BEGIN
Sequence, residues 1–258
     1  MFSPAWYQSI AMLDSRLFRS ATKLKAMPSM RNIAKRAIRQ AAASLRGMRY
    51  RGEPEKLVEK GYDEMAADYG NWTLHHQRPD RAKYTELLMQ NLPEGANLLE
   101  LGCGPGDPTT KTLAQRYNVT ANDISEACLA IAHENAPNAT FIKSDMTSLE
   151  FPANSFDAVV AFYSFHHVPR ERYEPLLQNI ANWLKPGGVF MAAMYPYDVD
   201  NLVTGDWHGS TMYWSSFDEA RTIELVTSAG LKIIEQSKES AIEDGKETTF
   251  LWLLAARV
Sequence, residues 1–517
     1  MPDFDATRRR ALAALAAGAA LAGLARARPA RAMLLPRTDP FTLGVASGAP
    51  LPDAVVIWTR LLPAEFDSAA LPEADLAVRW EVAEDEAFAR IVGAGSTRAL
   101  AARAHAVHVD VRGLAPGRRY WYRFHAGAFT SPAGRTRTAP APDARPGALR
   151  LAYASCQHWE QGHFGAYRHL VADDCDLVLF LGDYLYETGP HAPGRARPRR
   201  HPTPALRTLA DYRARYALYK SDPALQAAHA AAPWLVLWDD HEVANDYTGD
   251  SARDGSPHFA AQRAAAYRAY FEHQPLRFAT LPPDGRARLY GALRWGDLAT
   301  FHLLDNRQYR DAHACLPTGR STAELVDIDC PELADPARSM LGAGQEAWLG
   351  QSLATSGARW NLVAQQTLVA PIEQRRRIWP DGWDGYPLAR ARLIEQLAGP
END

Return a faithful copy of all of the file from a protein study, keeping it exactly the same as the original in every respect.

Sequence, residues 1–258
     1  MFSPAWYQSI AMLDSRLFRS ATKLKAMPSM RNIAKRAIRQ AAASLRGMRY
    51  RGEPEKLVEK GYDEMAADYG NWTLHHQRPD RAKYTELLMQ NLPEGANLLE
   101  LGCGPGDPTT KTLAQRYNVT ANDISEACLA IAHENAPNAT FIKSDMTSLE
   151  FPANSFDAVV AFYSFHHVPR ERYEPLLQNI ANWLKPGGVF MAAMYPYDVD
   201  NLVTGDWHGS TMYWSSFDEA RTIELVTSAG LKIIEQSKES AIEDGKETTF
   251  LWLLAARV
Sequence, residues 1–517
     1  MPDFDATRRR ALAALAAGAA LAGLARARPA RAMLLPRTDP FTLGVASGAP
    51  LPDAVVIWTR LLPAEFDSAA LPEADLAVRW EVAEDEAFAR IVGAGSTRAL
   101  AARAHAVHVD VRGLAPGRRY WYRFHAGAFT SPAGRTRTAP APDARPGALR
   151  LAYASCQHWE QGHFGAYRHL VADDCDLVLF LGDYLYETGP HAPGRARPRR
   201  HPTPALRTLA DYRARYALYK SDPALQAAHA AAPWLVLWDD HEVANDYTGD
   251  SARDGSPHFA AQRAAAYRAY FEHQPLRFAT LPPDGRARLY GALRWGDLAT
   301  FHLLDNRQYR DAHACLPTGR STAELVDIDC PELADPARSM LGAGQEAWLG
   351  QSLATSGARW NLVAQQTLVA PIEQRRRIWP DGWDGYPLAR ARLIEQLAGP